*One author’s note for this post. I began writing this prior to attending the Illinois TechCon 08 conference, and that experience resulted in a major clarification in my own thinking about this issue. I’ll explain near the end of the post.*
Sometimes I feel like being in the Ed Tech community is a bit like being in a scene from Spinal Tap. Specifically, this scene.
I’ve noticed this growing phenomenon of people trying to get “that extra push over the cliff” lately. Any conference I’ve attended in the past year has been so over live streamed, live blogged, Twittered, Plurked, backchanneled, and podcast, that I’m starting to wonder if people are catching any of the content being presented. Seriously, how multi can people possibly task?
Now let me be clear about something, I absolutely believe in the power of participation and collaboration in today’s learning climate, but I also think we need to find a bit of balance. How about just keeping the dial right around 6? Your voice added to the voice of the presenter can certainly bring greater understanding and depth to a conversation, and of course every conversation is made better when it is more than one person talking to a flat wall. The problem comes when the voice of the crowd overwhelms the voice of the content.
This phenomenon isn’t restricted only to conferences. I think it’s growing increasingly more evident in podcasts as well. The last three podcasts I’ve listened to have had classic moments of pregnant pauses as someone reaches the conclusion of a several minute monologue where he/she spills their soul about something he/she is very passionate about, only to be met with silence. And then a profound statement of affirmation from one of the other hosts like “right on” or “yep.” The noise of a chat room or the lure of the web was too much temptation, and the attention of the other hosts was whisked somewhere far, far away from whatever it was their counterpart was just espousing.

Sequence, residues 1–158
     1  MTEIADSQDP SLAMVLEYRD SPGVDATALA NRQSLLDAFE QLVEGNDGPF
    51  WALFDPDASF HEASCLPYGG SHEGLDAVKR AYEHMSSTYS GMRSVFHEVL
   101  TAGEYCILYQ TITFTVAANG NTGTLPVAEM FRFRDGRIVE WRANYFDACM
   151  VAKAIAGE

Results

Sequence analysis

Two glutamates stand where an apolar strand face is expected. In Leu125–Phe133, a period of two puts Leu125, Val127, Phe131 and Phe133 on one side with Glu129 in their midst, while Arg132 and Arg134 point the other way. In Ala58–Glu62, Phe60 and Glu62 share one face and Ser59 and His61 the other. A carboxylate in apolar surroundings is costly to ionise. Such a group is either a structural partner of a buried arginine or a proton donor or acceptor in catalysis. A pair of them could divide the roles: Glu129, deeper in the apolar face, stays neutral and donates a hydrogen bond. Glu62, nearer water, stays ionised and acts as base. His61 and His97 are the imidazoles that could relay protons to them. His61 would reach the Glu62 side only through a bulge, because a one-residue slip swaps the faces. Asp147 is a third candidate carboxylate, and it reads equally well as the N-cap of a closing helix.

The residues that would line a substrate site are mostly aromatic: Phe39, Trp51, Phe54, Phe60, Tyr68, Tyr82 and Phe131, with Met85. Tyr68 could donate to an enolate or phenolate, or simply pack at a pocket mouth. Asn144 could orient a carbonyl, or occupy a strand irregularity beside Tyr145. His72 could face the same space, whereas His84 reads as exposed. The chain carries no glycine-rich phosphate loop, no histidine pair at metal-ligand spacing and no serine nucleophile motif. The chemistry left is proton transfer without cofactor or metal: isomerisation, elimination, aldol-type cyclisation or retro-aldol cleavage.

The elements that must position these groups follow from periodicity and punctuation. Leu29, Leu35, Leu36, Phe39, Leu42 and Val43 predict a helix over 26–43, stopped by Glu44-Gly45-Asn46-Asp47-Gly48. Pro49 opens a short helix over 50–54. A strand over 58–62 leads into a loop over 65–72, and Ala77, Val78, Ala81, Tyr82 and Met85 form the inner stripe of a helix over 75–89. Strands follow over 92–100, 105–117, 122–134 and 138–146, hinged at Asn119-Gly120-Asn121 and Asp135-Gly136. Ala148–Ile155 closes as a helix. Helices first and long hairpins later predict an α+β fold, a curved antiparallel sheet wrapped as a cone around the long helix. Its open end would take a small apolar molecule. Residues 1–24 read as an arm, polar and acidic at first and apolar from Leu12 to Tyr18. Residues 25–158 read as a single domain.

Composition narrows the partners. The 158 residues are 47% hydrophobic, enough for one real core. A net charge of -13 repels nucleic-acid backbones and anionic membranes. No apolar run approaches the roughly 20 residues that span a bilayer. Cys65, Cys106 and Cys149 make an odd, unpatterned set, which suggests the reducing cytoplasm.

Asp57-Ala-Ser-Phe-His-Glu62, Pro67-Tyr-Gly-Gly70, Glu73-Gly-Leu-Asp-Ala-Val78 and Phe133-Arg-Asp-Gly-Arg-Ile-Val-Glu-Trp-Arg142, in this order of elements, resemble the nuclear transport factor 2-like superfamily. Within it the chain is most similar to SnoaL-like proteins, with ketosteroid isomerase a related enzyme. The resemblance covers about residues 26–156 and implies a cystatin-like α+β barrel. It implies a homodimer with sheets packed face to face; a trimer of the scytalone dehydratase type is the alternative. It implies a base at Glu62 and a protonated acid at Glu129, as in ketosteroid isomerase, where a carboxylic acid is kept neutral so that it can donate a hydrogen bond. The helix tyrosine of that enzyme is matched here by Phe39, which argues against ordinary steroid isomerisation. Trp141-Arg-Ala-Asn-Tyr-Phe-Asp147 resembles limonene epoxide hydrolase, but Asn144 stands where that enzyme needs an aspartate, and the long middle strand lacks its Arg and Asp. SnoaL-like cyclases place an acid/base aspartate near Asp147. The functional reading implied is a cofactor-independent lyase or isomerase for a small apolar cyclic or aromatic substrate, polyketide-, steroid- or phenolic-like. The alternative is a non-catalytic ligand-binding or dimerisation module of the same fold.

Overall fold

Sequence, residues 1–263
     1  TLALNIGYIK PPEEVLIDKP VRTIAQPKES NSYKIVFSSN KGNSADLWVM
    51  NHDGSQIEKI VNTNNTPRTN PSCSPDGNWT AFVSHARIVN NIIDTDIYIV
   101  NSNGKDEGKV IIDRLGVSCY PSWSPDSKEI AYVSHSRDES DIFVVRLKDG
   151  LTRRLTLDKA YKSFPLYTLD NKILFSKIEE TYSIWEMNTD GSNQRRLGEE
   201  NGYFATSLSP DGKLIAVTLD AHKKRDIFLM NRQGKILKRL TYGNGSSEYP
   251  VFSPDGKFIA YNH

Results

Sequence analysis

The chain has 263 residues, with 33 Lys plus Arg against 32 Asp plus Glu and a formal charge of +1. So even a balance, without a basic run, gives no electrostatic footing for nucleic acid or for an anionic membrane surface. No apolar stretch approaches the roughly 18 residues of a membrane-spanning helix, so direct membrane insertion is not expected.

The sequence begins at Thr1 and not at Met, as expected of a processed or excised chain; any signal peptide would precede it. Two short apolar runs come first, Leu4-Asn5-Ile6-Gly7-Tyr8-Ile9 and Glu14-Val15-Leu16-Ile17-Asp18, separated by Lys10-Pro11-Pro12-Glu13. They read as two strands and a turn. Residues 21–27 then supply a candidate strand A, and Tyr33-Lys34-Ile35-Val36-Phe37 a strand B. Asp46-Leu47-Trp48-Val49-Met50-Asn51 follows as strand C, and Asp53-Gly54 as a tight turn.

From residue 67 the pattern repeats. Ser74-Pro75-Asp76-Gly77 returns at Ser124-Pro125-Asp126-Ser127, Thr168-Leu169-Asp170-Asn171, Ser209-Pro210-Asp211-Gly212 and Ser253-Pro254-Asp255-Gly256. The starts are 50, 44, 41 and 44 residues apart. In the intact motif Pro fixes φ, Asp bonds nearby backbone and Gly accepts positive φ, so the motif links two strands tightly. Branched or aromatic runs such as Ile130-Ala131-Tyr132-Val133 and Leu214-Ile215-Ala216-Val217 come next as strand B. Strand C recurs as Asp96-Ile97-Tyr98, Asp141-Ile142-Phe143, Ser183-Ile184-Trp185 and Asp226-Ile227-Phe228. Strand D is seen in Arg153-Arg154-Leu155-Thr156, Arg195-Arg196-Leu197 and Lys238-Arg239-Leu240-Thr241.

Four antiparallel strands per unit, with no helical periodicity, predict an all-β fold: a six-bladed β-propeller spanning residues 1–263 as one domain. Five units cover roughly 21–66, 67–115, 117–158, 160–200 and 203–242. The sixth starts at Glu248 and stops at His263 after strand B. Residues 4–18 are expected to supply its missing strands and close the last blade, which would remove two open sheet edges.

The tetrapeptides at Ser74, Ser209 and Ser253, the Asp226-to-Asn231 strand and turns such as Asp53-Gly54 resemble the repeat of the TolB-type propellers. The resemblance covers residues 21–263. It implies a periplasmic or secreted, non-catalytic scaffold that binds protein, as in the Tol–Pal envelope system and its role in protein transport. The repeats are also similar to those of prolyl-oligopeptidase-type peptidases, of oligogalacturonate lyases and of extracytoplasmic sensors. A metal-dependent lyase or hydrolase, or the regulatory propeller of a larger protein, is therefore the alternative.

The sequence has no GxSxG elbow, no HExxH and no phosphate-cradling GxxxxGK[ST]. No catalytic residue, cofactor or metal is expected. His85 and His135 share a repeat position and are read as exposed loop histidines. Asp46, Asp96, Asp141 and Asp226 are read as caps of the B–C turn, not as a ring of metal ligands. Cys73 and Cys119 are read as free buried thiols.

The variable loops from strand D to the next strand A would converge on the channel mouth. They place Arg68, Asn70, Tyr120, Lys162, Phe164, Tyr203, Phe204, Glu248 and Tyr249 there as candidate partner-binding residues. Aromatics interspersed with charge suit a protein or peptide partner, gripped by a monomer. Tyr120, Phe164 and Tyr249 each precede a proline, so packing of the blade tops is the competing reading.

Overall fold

I think this push to hit 11 is also an issue with emerging tools. It seems that many people are working hard to make sure they know a tool, or even a list of 100 tools in some cases, that no one else has heard of, and they present the list as such at conferences, workshops, etc. There is all this noise added, and the result is that people end up feeling overwhelmed and inferior rather than empowered. I saw a presentation by Dave Jakes recently that I think was much more fitting to the way we should be engaging all this. He spoke of the organizational approach we should be taking to collaborative tools rather than listing all the specific tools he thought we should be using. By so doing, he effectively kept the focus where it should be, and he kept the dial right around a comfortable 5.
Here’s my point. When does the use of all these amazing, emerging technologies become counterproductive to the goal? Do we really need to have 20 backchannel chat rooms for a session with 35 participants? Should you as a podcast host be trying to read everything that is happening in a chat room, while searching the web, while trying to focus on what your co-hosts are saying?
As mentioned at the outset of this post, I did have an experience recently that I feel really helped bring clarity to this issue for me. Specifically, the idea of having a backchannel set up for people to utilize. In fact, I think using a backchannel in the right way can absolutely make a conference, workshop, classroom, a much better place for learning. Wes Fryer recently set up a Chatzy chat at the IL TechCon 08, and I think the way that he did it was dead-on perfect. I plan to write more about this in my next post, but for now, I can say the way Fryer set up the backchannel at TechCon made all the difference in the way I experienced and learned from the conference. I think it could possibly be the same for students in education.